• Rezone to C6-2A the area south of Spring Street (bounded by Hudson, Canal, and Washington streets). This area is characterized by small and irregularly shaped blocks with small lots and low-scale buildings. The current zoning for most of this area -- M1-6 (10.0 FAR) -- permits a density and scale that is significantly different than the established built character. Rezoning would strengthen the existing mixed-use character by allowing new residential development at a scale and density more appropriate for the area, while continuing to permit a wide range of commercial and light industrial uses. The following three-dimensional image is an example of the bulk form that is possible under the proposed contextual zoning in context.

graphic of rezoning area to c6-2a


Proposed zoning:
  C6-2A (R8A equivalent)

Permitted Uses:
  Community Facility

Maximum FAR: 6.02

Max. building height: 120'-0"

Streetwall requirement:
  60'-0" to 85'-0"

  • Rezone to M1-5/R7X north of Leroy and Clarkson streets. Zoned M1-5 (5.0 FAR), industrial activity in this area is limited, and includes package delivery facilities, food production, and smaller auto-related uses. Several buildings house commercial offices. There is a substantial residential community in the area due in part to previously approved BSA variances to permit residential uses in the northern portion of the M1-5 district, and the close proximity to residential portions of the West Village. Rezoning the M1-5 area generally north of Leroy and Clarkson streets to a special mixed-use district - R7X/M1-5 (5.0 Residential, Community Facility, Commercial, Manufacturing) - would maintain the existing permitted density and uses, allow residential conversions and new residential development as-of-right, and allow expansion of existing industrial and commercial uses. The following three-dimensional image is an example of the bulk form that is possible under the proposed mixed-use zoning in context.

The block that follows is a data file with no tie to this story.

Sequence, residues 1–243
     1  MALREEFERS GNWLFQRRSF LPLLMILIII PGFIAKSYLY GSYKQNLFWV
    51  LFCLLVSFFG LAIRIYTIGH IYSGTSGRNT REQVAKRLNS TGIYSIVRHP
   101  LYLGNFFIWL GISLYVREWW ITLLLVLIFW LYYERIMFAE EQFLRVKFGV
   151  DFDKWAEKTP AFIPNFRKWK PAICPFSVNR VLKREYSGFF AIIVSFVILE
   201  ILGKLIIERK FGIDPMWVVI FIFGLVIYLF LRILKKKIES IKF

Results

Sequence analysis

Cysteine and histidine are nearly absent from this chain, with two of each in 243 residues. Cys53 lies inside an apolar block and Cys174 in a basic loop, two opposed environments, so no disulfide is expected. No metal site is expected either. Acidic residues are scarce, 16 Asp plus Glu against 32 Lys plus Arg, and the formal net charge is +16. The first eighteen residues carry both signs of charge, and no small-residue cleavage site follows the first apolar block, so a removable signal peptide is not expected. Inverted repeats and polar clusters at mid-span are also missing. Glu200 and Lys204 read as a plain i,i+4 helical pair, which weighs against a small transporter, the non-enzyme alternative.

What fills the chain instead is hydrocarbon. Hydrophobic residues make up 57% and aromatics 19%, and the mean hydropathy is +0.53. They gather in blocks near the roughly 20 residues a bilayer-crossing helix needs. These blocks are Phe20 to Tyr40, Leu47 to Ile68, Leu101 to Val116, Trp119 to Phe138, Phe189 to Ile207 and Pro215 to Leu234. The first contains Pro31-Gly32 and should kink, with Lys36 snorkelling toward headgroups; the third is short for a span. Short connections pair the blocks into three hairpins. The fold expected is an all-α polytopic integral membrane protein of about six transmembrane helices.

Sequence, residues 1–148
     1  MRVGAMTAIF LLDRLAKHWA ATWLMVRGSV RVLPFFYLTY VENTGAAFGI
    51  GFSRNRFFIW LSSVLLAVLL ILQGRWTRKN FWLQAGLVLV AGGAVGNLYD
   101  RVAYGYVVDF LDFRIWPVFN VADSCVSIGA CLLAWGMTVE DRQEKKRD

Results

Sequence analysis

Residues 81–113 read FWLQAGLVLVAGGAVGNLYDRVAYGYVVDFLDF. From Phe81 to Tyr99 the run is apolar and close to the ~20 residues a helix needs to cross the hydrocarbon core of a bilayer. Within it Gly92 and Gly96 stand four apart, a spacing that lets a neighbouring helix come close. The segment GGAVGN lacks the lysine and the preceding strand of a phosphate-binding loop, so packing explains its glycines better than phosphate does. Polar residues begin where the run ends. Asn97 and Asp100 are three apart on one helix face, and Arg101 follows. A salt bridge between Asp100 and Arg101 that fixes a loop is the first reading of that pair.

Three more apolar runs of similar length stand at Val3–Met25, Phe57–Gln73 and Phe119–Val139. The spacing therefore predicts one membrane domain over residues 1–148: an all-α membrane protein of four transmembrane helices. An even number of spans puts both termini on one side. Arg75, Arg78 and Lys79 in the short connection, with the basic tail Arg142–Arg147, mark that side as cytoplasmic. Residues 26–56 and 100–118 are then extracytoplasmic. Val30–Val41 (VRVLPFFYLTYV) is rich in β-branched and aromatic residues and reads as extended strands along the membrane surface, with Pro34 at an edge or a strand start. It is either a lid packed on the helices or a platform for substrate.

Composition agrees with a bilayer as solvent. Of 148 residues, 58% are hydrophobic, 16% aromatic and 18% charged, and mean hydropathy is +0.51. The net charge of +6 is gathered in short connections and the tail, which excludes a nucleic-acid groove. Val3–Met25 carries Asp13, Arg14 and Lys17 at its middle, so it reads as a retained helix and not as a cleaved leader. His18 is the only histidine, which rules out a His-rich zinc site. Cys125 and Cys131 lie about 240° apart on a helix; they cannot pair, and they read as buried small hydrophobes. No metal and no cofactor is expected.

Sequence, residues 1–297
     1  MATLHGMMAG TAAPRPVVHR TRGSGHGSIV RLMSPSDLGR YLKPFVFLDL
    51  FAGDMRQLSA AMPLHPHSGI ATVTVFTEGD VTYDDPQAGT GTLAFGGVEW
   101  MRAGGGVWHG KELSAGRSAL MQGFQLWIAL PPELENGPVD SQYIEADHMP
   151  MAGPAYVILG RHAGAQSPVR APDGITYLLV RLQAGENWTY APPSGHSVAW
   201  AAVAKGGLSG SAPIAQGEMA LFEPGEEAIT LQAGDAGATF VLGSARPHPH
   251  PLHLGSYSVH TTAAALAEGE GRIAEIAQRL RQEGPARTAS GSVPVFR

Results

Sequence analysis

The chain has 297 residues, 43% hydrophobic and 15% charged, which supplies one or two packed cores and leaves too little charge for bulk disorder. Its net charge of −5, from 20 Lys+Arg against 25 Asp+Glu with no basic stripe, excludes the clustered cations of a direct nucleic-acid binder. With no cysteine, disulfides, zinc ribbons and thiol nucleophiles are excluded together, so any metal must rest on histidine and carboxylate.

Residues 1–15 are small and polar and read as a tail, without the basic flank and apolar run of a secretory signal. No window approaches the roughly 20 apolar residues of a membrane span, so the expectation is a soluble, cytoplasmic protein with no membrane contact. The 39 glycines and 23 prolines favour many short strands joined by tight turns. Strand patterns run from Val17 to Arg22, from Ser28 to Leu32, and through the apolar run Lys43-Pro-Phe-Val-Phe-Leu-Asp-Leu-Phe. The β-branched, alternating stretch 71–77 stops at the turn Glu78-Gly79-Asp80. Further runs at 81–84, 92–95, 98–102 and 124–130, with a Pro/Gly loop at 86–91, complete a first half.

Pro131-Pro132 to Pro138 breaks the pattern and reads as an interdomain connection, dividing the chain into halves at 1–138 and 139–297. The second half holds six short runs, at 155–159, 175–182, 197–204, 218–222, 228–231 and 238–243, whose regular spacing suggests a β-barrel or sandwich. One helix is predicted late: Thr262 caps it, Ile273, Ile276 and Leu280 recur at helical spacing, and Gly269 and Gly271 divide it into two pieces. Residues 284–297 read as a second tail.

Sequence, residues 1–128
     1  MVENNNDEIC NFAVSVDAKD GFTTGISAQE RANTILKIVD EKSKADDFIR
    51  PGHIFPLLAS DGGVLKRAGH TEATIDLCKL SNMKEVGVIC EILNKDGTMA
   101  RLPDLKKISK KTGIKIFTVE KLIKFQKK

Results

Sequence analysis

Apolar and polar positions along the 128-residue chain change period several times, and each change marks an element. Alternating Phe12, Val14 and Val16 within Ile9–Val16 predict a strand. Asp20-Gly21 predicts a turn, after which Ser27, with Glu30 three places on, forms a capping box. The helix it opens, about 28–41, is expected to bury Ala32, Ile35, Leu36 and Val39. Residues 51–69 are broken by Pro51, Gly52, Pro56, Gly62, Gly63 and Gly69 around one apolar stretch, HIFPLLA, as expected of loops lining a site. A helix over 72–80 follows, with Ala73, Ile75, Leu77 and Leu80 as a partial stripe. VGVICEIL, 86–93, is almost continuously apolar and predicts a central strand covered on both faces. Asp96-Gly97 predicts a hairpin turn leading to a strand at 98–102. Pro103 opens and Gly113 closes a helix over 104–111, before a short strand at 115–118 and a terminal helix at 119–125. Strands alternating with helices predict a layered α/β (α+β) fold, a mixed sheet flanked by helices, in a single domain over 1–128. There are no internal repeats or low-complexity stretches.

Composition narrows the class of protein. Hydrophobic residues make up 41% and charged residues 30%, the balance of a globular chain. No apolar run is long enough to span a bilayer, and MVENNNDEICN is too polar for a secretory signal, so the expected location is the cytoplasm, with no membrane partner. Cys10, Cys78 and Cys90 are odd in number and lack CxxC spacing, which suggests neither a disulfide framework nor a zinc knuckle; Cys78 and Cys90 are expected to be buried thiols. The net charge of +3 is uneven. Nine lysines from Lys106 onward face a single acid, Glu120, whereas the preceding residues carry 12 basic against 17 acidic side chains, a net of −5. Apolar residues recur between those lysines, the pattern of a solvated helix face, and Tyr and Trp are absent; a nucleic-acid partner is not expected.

graphic of rezoning area to m1-5/r7x


Proposed zoning:

Permitted Uses:
  Community Facility

Maximum FAR: 5.0

Max. building height: 125'-0"

Streetwall requirement:
  60'-0" to 85'-0"

  • Retain manufacturing zoning in other areas. The majority of the M1-6, M2-4, and M1-5 zoning districts continue to have a strong industrial and commercial presence. During the 1990s, these areas experienced substantial investment and job growth that was facilitated by the current zoning. The scale and density permitted by the existing zoning is generally consistent with the character of these areas. Retaining the existing zoning, which prohibits residential uses, would continue to allow the widest range of commercial and industrial uses.

PDF Document Hudson Square Rezoning Full Report (2.6 megabytes)